Saudi-Yemeni Territorial Sovereignty Disputes Over 'Asir, Jizan, Najran and the Rub' Al-Khali Desert Frontier : Legal Analysis of Some Aspects of Former Claims and the Final Settlement Under the 2000 Treaty of Jeddah
Al-Madani, Wael Mohammed Omar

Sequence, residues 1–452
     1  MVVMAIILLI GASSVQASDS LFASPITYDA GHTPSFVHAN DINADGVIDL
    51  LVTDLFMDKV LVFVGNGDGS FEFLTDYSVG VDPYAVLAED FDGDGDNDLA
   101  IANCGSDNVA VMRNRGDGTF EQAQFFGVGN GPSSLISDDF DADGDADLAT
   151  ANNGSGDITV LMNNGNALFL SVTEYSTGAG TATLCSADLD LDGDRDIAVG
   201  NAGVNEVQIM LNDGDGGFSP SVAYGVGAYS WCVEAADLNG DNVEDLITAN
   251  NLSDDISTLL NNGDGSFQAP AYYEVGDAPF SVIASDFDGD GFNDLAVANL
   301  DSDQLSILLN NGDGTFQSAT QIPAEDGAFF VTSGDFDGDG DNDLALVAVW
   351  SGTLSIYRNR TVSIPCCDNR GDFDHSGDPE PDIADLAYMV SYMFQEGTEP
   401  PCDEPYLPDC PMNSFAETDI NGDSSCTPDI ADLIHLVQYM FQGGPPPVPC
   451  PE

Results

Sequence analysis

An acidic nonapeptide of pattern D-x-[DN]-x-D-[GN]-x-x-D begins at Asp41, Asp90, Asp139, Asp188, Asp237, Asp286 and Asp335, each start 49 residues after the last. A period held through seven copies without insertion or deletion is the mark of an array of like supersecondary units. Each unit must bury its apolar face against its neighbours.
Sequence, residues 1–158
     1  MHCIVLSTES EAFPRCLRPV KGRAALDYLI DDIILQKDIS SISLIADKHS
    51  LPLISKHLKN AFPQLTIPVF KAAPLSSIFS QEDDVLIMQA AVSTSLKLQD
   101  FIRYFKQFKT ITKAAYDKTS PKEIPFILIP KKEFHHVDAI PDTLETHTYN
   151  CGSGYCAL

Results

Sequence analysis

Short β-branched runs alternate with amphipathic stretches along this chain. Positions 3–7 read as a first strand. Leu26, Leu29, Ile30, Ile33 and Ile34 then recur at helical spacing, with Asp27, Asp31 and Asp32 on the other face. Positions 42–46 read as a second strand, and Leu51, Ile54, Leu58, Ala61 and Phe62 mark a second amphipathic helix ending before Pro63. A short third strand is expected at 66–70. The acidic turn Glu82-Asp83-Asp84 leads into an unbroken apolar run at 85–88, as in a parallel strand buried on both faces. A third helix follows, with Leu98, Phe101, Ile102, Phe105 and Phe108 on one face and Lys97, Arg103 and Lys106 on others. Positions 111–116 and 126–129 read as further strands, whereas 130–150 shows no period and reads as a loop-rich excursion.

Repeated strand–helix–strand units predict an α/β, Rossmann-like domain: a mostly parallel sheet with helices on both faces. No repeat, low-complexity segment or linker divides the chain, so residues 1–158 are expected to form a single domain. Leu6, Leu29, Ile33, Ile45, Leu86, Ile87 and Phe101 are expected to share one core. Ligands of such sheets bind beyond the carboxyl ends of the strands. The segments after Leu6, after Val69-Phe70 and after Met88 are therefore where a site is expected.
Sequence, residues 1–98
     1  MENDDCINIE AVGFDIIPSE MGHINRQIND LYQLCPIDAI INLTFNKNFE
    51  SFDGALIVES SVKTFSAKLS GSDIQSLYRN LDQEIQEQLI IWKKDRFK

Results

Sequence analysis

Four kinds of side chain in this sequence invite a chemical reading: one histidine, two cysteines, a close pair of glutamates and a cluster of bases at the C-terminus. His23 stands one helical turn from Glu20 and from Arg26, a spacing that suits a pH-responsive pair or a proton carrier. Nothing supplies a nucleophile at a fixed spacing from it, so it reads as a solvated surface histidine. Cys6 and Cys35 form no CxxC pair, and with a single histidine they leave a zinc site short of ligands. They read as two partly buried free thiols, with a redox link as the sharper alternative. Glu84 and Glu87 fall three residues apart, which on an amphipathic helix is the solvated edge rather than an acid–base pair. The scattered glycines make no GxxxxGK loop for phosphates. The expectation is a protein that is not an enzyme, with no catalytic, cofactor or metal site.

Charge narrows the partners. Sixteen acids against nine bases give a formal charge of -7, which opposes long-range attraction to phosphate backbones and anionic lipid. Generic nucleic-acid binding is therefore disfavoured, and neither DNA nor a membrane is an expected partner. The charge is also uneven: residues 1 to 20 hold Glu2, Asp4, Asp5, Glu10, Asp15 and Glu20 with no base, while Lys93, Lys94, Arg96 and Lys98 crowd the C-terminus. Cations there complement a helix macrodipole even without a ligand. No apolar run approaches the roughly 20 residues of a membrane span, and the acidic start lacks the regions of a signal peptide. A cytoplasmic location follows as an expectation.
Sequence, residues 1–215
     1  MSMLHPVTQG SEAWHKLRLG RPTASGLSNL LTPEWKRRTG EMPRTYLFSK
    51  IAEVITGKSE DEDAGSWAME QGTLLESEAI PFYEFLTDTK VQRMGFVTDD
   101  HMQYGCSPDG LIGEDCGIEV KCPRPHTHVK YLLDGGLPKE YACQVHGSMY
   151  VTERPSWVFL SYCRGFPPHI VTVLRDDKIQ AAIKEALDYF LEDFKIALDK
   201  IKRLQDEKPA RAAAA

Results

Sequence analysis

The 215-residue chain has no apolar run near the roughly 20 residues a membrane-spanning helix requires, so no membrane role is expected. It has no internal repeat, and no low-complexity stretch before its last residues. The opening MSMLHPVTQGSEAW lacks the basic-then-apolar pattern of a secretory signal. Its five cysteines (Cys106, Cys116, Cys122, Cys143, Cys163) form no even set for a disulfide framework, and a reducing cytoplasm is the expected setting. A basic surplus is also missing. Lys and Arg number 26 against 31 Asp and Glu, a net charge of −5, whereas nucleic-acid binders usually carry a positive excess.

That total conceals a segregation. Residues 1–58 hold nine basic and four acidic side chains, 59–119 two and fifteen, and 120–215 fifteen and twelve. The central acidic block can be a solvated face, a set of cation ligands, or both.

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This thesis is concerned with the former disputes between Saudi Arabia and Yemen over title to the territories of' Asir, Jizan, Najran and the Rub' Al-Khali Desert frontier. Although the disputes were settled by the 2000 Treaty of Jeddah, it was possible right until the conclusion of that agreement that one of the disputing states could have submitted the disputes to arbitration, in which case the legal claims made by each state would have been highly significant. After examining the political and historical background of the disputed territories, the thesis examines three legal phases of the disputes. The first phase of the analysis is to identify the nature of claims: were they title or boundary claims or a combination of the two. The analysis shows that the two states asserted claims of both a title and a boundary nature, although the focus of this thesis is primarily on the title claims. It appears from the analysis that the title claims fall into two categories: claims related to international treaties and claims based on title acquisition modes. The second legal phase of the analysis will therefore concentrate on claims related to the two treaties that were pertinent to the disputes: the 1914 Anglo-Turkish Convention and the 1934 Treaty of Taif. The first treaty arguably delimited a boundary line, the 'Violet Line', located in the Rub' Al-Khali Desert. However, this purported delimitation was the subject of a series of claims and counter-claims between Saudi Arabia and Britain from 1934, until southern Yemen's independence in 1967, which put into doubt the continuing validity of the delimitation. This phase of the analysis considers arguments of Saudi succession to the treaty and the validity of the conclusion of the 1914 Convention by the Ottoman Empire. The second relevant treaty was the 1934 Treaty of Taif which was concluded by Saudi Arabia and northern Yemen following a short war, the two states having failed to settle title claims to 'Asir, Jizan and Najran through negotiations. Under the 1934 Treaty, Yemen renounced former title claims to these provinces, which she had formerly raised during the 1927-1934 negotiations. She also agreed with Saudi Arabia on a boundary line. However, from the mid-late 1970s, Yemen resumed its former title claims on various grounds, including the invalidity or termination of the 1934 Treaty. These claims will also be considered in the second phase of the analysis. The third phase of the analysis considers various arguments based on title acquisition/loss modes recognised by international law, such as cession, conquest, and prescription. It seeks to determine which of the two states had stronger claims to title to the disputed territories. Finally, the settlement in the 2000 Treaty of Jeddah is examined and it is asked to what extent the two states respected or ignored their former legal claims in the political settlement. It will also discuss any problems arising from the application of the 2000 Treaty.